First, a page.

A source close to Trump Jr. said there was an agreement between the president's son and the committee that he would only have to come in and testify once as long as he was willing to stay for as long as they'd like, which the source said he did. On the day the news of the subpoena for the president's son surfaced, Trump asserted executive privilege over the full Mueller report in response to Democrats' initiating the process to find Attorney General William Barr in contempt of Congress.
Trump Jr. had testified to the committee in September 2017 about proposed plans for a Trump Tower in Moscow.
# p #3_6 # ad skipped = true #. The Senate Intelligence Committee has issued a subpoena for him to testify.
But he refused, agreeing only to respond to written questions. The Mueller report said he could not establish a criminal conspiracy between the Trump campaign and Russian Federation, but he did not reach a conclusion on whether Trump obstructed justice.
Warner said that the intelligence panel also wants to see the underlying evidence in Mueller's report, a request that House lawmakers have also made.
Trump Jr's testimony was reportedly brought into question in light of the February testimony by Cohen who claimed that he had briefed Trump Jr and Ivanka Trump about "10 times" on the project, implying that Trump's son was in fact keeping close tabs on the matter.
The move to subpoena Trump Jr. was met with disapproval from House Minority Leader Kevin McCarthy, R-Calif., who argued that politicians should redirect their energy away from investigating potential Russian collusion.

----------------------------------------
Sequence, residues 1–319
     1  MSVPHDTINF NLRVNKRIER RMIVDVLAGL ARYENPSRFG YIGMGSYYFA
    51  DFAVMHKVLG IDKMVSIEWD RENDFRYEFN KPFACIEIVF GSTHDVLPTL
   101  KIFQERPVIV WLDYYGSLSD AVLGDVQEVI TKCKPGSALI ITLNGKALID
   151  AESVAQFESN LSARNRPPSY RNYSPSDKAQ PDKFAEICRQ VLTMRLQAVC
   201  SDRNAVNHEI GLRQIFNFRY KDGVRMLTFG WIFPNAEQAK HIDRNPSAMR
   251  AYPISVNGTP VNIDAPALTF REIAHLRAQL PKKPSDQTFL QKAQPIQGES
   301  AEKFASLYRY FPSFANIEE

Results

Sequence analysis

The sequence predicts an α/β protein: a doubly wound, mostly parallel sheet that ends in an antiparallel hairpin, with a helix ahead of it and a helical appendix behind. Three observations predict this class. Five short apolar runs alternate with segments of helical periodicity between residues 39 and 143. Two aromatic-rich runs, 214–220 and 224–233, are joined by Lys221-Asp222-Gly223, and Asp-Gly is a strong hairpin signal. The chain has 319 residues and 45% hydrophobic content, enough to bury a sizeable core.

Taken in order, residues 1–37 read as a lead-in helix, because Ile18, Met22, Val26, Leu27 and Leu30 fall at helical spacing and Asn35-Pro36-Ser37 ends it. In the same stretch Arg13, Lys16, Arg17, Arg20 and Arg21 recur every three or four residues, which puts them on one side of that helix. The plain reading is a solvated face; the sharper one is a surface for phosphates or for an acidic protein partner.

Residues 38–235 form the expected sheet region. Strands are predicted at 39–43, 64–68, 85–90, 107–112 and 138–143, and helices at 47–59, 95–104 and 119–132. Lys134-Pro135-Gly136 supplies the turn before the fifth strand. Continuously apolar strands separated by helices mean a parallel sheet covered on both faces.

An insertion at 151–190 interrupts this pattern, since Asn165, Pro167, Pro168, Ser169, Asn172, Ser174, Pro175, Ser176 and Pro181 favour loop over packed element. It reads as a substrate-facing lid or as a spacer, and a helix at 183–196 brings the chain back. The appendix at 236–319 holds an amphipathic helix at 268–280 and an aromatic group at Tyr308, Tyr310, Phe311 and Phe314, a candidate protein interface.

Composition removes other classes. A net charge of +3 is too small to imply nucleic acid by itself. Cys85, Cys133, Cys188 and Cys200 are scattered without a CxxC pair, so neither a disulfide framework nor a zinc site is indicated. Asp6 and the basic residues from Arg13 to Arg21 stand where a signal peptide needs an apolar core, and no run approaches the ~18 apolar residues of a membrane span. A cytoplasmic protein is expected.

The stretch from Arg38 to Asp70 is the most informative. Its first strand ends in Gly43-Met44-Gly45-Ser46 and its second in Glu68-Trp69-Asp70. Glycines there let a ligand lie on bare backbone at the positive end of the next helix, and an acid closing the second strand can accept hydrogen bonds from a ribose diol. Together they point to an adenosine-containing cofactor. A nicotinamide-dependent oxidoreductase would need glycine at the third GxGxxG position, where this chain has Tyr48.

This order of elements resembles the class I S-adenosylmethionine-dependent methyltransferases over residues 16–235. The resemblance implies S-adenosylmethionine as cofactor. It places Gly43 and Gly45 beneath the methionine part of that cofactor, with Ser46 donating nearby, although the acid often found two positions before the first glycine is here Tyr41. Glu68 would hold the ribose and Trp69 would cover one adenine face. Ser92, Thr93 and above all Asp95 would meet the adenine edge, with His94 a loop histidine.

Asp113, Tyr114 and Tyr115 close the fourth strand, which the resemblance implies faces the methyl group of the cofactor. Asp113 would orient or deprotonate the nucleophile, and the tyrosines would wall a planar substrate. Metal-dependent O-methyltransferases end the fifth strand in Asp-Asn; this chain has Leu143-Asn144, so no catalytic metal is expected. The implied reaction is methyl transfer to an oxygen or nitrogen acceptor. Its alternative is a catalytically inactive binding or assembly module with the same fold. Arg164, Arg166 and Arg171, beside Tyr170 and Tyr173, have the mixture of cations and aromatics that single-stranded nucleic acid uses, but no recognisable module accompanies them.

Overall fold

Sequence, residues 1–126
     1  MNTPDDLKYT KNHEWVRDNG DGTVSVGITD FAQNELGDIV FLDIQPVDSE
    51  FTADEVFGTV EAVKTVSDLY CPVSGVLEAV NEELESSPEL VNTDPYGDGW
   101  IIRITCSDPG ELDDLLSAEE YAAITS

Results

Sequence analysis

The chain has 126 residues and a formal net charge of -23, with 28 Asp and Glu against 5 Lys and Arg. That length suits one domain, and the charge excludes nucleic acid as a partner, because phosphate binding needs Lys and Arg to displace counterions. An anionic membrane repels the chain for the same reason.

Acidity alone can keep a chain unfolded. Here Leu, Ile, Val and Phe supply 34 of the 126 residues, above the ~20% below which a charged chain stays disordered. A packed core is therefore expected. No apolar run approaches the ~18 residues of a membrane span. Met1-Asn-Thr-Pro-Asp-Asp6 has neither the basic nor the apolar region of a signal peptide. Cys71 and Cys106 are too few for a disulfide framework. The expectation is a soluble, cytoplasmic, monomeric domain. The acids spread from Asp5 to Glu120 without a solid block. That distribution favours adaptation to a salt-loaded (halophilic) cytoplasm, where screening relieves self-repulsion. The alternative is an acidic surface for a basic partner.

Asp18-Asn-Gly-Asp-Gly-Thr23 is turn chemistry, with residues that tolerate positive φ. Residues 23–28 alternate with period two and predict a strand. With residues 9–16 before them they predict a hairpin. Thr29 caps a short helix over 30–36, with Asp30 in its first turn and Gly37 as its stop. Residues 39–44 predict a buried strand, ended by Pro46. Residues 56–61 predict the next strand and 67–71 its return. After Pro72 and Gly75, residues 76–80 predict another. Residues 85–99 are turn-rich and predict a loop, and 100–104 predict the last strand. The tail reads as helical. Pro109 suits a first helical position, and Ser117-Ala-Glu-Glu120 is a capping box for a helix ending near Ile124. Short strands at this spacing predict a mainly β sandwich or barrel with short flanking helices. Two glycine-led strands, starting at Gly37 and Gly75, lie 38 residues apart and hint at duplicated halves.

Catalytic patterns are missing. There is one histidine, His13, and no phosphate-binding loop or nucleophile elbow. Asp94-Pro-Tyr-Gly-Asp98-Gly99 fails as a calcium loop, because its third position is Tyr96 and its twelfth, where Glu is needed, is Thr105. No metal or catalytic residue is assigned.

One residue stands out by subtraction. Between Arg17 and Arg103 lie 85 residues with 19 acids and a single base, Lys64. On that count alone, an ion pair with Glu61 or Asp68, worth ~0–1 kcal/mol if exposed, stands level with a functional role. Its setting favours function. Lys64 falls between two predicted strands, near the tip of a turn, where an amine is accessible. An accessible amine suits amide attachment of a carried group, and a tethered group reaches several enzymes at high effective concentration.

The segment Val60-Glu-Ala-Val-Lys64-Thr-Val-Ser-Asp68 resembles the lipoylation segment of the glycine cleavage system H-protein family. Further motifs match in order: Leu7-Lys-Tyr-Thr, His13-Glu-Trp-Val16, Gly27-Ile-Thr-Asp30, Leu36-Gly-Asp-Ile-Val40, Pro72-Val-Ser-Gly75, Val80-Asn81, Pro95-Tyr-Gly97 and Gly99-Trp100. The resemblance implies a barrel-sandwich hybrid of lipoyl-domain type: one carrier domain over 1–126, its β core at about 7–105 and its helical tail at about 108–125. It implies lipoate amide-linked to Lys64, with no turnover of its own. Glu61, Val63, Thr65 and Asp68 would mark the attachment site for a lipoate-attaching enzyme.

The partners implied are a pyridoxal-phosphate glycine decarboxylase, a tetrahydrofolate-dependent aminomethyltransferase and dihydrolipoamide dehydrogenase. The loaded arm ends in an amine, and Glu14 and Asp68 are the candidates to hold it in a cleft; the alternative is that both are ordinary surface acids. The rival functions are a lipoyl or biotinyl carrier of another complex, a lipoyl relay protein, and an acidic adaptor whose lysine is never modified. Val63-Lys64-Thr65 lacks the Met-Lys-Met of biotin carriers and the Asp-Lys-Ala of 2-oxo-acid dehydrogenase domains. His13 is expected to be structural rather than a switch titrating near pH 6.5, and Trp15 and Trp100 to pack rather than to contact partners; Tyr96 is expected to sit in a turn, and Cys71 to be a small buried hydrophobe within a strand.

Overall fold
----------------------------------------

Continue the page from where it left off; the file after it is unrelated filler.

Multiple Republicans had coalesced around Senate Majority Leader Mitch McConnell's talking point of "case closed" in recent days, but now Democrats can argue that even members of the President's own party don't agree that all Russian Federation inquiries should end immediately.
"I'm assuming that they believe they can - if you can believe this, they are going to take Cohen's word". Rand Paul, including a link to the original Axios report and referring to Senate Majority Leader Mitch McConnell's Tuesday declaration.
The White House so far has been adamant in shielding current and former administration officials from an avalanche of subpoenas coming from the House Democrats, with President Trump vowing to "fight all the subpoenas" last month.
".@DonaldJTrumpJr has already spent dozens of hours testifying in front of Congressional committees", McCarthy tweeted.